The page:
Prohibits the tolling of the 20-day period by the agency except:
(1) that the agency may make one request to the requester for information and toll the 20-day period while it is awaiting such information that it has reasonably requested from the FOIA requester; or
(2) if necessary to clarify with the requester issues regarding fee assessment.
Ends the tolling period on the agency's receipt of the requester's response to the agency's request for information or clarification.
Prohibits an agency from assessing search fees if it fails to comply with time limits provided that no unusual or exceptional circumstances apply to the processing of the request. Requires each agency to make available its FOIA Public Liaison, who shall assist in the resolution of any disputes between the requester and the agency.
Section 7 -
Requires agencies to establish: (1) a system to assign an individualized tracking number for FOIA requests received that will take longer than 10 days to process and provide to each person making a request the tracking number assigned to the request; and (2) a telephone line or Internet service that provides information on the status of a request. Makes this requirement effective one year after the enactment of this Act.
Section 8 -
Requires any statutory exemption from disclosure under FOIA enacted after the date of enactment of this Act to cite directly to FOIA disclosure exemption provisions.
Section 9 -
Revises annual agency reporting requirements on compliance with FOIA to require information on: (1) FOIA denials based upon particular statutes; (2) agency response times and; (3) compliance of each principal component of an agency and for the agency overall. Requires agencies to make the raw statistical data used in reports electronically available to the public upon request.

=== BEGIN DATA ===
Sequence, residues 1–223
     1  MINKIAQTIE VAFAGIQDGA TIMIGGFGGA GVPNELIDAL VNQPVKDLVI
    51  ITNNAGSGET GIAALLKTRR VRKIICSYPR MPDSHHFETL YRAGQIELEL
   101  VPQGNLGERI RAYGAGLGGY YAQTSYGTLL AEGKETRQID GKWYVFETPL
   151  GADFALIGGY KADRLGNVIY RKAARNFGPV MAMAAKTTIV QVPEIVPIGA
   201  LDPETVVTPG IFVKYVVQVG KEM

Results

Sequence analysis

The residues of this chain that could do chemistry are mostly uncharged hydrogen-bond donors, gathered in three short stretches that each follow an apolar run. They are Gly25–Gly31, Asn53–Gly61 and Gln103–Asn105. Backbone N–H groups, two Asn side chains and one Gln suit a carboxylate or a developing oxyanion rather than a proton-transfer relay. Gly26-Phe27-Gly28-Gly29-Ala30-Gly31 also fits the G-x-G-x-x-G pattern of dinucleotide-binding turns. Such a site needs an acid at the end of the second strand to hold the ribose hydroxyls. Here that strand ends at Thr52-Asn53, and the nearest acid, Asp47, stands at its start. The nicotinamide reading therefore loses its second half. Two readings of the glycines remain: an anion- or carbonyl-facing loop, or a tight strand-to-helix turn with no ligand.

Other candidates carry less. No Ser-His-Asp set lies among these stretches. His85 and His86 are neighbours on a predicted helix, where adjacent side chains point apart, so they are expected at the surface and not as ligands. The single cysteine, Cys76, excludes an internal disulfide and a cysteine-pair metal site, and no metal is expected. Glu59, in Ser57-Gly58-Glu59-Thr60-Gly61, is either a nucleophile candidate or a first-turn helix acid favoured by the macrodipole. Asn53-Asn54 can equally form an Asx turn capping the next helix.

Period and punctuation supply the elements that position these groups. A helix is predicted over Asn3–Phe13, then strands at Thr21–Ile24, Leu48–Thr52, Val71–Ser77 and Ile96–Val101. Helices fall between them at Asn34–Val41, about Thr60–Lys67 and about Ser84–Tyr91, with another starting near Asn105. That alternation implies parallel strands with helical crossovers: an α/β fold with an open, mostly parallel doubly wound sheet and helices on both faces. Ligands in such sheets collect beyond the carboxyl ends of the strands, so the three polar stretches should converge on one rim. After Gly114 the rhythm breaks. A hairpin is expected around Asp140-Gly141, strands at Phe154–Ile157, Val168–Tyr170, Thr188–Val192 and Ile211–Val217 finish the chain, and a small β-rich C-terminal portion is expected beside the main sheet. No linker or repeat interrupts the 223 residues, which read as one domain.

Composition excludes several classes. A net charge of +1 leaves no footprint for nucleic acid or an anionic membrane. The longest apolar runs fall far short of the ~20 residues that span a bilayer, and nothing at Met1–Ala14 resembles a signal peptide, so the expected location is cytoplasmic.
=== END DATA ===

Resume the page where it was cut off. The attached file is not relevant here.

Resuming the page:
Section 10 -
Redefines "record" under FOIA to include any information maintained by a contractor for a federal agency.
Section 11 -
Establishes within the National Archives and Records Administration (NARA) an Office of Government Information Services to: (1) review compliance with FOIA policies; (2) recommend policy changes to Congress and the President; and (3) offer mediation services between FOIA requesters and administrative agencies as a non-exclusive alternative to litigation. Authorizes the Office to issue advisory opinions if mediation has not resolved the dispute.
Requires each agency to designate a Chief FOIA Officer, who shall:
(1) have responsibility for compliance with the FOIA;
(2) monitor FOIA implementation;
(3) recommend to the head of the agency such adjustments to agency practices, policies, personnel, and funding as may be necessary to improve its implementation of the FOIA; and
(4) facilitate public understanding of the purposes of the FOIA's statutory exemptions.
Requires agencies to designate at least one FOIA Public Liaison who shall be appointed by the Chief FOIA Officer. Requires the liaison to:
(1) serve as an official to whom a FOIA requester can raise concerns about the service the FOIA requester has received from the FOIA Requester Center; and
(2) be responsible for assisting in reducing delays, increasing transparency and understanding of the status of requests, and assisting in the resolution of disputes.
Section 12 -
Requires the Office of Personnel Management (OPM) to report to Congress on personnel policies related to FOIA.

House Republican Conference Summary

The summary below was written by the House Republican Conference, which is the caucus of Republicans in the House of Representatives.


No summary available.

House Democratic Caucus Summary